As for the financial services firm, they were not using all of their office space and saw an opportunity to offset their rent by taking on a subtenant. In addition to the extra funds, the firm's principal wanted to create a more lively office atmosphere. It had become too quiet and library-like, and he felt that having more people in the office would help keep employees engaged.
SHARED OFFICE SPACE IN NYC
Shared subleases in New York City can be a challenge to find. A number of factors must align for the office to be a good fit for both parties. But some of the factors will apply to any type of office lease, not just shared sublets:
Location: The location must be within the company's desired area. In Manhattan, we usually focus on street boundaries. If a company says they want to rent office space in Midtown, we try to narrow it down. They might only consider offices between 46th to 57th Streets and Fifth to Park Avenues.
Price: The price must be within a specified budget. Some companies focus on a specific price per square foot. For example, they might say they want to stay below $70 per square foot. But it's better to focus on the monthly or annual rent amount, seeing as offices in NYC are measured with a "rubber ruler" (read: loss factor in NYC). The price per square foot is an inaccurate gauge because the real office square footage is never represented, and the loss factors vary from building to building. However, the price per square foot can indicate the quality of the building, so keep it in mind as a reference.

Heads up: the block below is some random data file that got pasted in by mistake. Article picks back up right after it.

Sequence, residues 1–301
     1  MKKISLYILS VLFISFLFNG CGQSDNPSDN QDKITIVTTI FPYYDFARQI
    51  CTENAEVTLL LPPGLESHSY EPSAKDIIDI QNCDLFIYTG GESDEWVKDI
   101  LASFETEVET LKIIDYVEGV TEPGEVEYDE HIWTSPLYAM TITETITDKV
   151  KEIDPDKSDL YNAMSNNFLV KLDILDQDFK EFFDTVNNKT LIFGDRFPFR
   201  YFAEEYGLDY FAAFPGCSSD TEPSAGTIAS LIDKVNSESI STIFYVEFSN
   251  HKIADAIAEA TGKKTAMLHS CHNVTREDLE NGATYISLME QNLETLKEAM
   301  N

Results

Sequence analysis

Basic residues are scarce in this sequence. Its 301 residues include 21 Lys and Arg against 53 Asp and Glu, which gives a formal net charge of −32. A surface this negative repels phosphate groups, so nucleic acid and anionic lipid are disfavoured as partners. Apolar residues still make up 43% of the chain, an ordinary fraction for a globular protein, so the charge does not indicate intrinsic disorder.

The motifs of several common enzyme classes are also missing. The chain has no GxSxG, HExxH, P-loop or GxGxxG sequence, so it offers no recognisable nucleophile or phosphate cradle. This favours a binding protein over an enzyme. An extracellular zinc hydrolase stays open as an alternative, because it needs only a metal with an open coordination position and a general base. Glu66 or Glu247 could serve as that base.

Term: The lease term must fit the company's needs. Unlike residential leases, where nearly every lease is 1 year, the lease terms are longer for commercial office leases. Most landlords require a 3- to 5-year lease, depending on the work needed to modernize the space and make it suitable for a new tenant—generally, the more work required, the longer the lease term.
But, there are additional factors to consider when subleasing office space in NYC:
Compatibility: The two companies (sublandlord and subtenant) must be compatible. Like roommates or couples, many factors can affect compatibility. For example, a law firm that receives substantial foot traffic from clients might not be a good fit with a company that would consider it disruptive. Or, a noisy company, like a sales team that operates at a high volume, typically isn't compatible with a company that needs a quiet atmosphere to work efficiently.